No sooner did Microsoft announce plans to support the Open Document Format, viewed as the chief competing standard for Microsoft's own Office Open XML, than the European Commission announced it will investigate whether Microsoft is making sincere efforts to support ODF.
It's not the first, second or even the third time. Most recently, the EC expressed concern about Microsoft's promise to open up more APIs. In fact, Microsoft's lawyers will need to add this to the pile of issues between the company and the EC, including fighting the EC's most recent $1.35 billion fine.
Apparently, somebody has T-R-U-S-T issues.
The British Educational Communications and Technology Agency apparently also suspects Microsoft isn't acting above board with open standards. It's offered to help with the investigation. Earlier this month, the British agency declared Microsoft's "interoperability practices harmed consumers and schools," according to the CIO Today article.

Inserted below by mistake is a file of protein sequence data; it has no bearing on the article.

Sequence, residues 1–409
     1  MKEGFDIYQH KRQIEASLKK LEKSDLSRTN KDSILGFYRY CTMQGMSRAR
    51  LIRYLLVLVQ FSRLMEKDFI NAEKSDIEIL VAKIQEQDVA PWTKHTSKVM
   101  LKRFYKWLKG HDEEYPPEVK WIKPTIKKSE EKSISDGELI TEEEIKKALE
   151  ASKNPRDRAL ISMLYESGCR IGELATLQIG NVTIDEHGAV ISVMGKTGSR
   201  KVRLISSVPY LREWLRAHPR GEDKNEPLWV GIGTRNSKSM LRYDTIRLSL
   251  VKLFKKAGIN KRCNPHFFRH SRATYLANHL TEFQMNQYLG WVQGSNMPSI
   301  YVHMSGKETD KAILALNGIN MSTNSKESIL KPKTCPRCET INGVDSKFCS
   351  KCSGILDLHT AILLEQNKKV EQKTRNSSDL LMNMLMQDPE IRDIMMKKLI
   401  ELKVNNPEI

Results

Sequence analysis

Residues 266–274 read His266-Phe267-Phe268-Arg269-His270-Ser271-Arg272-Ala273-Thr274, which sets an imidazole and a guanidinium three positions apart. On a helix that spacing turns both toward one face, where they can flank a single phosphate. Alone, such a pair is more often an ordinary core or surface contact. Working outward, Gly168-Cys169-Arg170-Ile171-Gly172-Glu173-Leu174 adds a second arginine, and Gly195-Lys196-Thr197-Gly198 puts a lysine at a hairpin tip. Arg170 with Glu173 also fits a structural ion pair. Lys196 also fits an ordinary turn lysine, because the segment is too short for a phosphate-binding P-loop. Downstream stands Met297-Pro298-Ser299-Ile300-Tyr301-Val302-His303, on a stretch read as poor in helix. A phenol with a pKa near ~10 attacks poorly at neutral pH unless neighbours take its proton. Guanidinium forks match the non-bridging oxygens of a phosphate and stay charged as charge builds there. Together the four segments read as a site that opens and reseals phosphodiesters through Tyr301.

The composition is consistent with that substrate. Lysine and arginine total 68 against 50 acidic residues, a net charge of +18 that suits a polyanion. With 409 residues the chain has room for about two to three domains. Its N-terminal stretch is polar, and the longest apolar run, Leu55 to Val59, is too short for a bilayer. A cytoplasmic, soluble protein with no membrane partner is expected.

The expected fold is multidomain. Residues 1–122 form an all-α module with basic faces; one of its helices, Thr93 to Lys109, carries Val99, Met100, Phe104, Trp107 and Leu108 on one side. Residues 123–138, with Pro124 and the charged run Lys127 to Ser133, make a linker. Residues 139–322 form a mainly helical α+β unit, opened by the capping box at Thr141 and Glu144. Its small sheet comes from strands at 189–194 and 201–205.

Microsoft at first refused to support ODF, but conceded after intense industry pressure and a few choice fines from the EC, Network World reports.
You might wondered why the Europeans are so upset if they're finally getting their way. It's because Microsoft doesn't plan to support Open Document Format until 2009 in an effort to give its own OOXML standard a foot up in Europe.
OOXML received international standards approval from the International Organization for Standardization (ISO) and the International Electrotechnical Commission in April. But the vote was not without controversy and 10 nations - Brazil, Canada, China, Cuba, Ecuador, India, Iran, New Zealand, South Africa and Venezuela -- voted against it.
Microsoft also plans to add support for PDF, for which I am personally thankful. But to be fair, it's not Microsoft's fault that it hasn't supported PDF to date. Network World reports Microsoft pulled native support for PDF from Office 2007 in June 2006, after Adobe protested. Adobe has since submitted PDF as an open standard to the ISO.